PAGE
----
Creating a Business Plan for Your New Construction Company

  • 16 Jan 2023

The UK’s construction industry has been growing considerably since the disruption that was the coronavirus pandemic; according to ONS data, the industry’s output price growth exceeded 10% between September 2021 and 2022. These figures are particularly promising for those looking to start up a new business in the industry – but starting up a business of any kind is not as simple as starting to trade. If you are considering instituting a company in construction, how should you pull together your business plan?

Executive Summary

An executive summary is essentially a broad-strokes description of your prospective business, no more than two pages in length. Typically, executive summaries are used to assist business owners in applying for business loans or private investments, as a crib sheet for advisers and investors to quickly get on board with the nature of your company. Here, though, it can also be useful to help you finalise your thinking about the nature of your business.

Business Structure

Speaking of which, another early stage in your business plan should be to settle on the structure of your business. Through your executive summary, you will have settled on the specifics of your business – that is, what exactly you are providing to customers, and in what form. You might be starting a construction firm with a specialism in domestic property, or a business that deals solely in renovations of historic structures; alternatively, your business might be purely mercantile in nature.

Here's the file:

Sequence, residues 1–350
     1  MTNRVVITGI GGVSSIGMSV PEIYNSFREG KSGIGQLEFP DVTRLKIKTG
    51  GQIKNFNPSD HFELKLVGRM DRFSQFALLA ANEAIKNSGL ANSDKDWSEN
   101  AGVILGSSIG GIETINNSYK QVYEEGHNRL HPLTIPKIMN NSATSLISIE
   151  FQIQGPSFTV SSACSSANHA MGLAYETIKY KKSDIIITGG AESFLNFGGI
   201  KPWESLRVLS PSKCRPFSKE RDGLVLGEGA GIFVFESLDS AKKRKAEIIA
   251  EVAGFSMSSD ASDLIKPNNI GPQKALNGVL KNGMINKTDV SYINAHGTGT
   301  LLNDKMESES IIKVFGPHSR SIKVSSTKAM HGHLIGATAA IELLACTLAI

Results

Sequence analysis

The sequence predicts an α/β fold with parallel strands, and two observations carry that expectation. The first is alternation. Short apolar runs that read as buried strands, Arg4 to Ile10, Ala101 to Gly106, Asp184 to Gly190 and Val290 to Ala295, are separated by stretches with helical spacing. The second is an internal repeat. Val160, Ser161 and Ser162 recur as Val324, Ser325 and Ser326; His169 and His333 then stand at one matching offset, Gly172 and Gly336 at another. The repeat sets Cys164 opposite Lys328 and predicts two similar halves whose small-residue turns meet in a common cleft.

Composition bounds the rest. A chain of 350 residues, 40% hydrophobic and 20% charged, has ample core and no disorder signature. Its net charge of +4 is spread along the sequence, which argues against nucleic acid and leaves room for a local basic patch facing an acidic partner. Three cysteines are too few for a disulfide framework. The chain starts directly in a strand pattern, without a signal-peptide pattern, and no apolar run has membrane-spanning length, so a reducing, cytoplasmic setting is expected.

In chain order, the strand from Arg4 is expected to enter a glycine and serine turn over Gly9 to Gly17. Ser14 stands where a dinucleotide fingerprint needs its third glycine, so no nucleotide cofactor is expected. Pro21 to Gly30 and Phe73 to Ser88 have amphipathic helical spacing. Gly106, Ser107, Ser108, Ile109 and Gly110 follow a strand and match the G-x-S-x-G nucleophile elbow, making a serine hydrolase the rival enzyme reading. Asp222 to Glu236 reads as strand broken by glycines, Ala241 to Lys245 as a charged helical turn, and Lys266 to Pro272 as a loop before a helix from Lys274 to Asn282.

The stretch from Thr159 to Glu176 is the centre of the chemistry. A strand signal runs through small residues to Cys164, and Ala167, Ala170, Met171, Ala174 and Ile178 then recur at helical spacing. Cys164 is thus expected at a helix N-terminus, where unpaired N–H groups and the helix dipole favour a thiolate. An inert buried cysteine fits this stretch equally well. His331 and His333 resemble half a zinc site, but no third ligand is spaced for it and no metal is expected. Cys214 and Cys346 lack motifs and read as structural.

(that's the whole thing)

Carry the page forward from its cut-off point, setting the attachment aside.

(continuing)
Whatever the specifics of your business, you will need to decide whether you are operating as self-employed or as a limited company. Self-employment simply means any profit your business makes is treated as income and taxed accordingly. If you intend to hire salaried staff, you will need to set up a limited company.

Market Research & Competitor Analysis

Next, you will need to give careful consideration to how your business fits in the wider construction industry – both in terms of your consumers and competition. Market research will give you some key insights into the demographics you should be targeting – and potential avenues for profit in your local area. Meanwhile, competitor analysis will give you a clear picture of the local landscape, and how hard you may need to fight for market presence.


Turning plans into action can often seem difficult, but with your research and structure decided upon, the hard work is done. All that is left is to create a realistic short-term roadmap for starting up – starting with the acquisition of tools and supplies and ending with the acceptance of your first client.

Logistics, Administration, and Documentation

Though last on the list, this is of extreme importance to the legitimacy of your new company. There are several logistical and administrative hoops you will need to jump through, particularly if you have instituted a limited company. In undertaking active work on behalf of others, your workers and customers will expect your builder’s insurance policy to cover a number of things – including worker and client injury. Without insurance, one wrong move could gut your finances.

Likewise, you must record all financial information as robustly as possible. HMRC tax audits are more likely for business entities that bring in more than £85,000, making it all the more important that profits, wages, and expenses are properly recorded. It may benefit you to budget for a third-party accountant to structure this on your behalf. 

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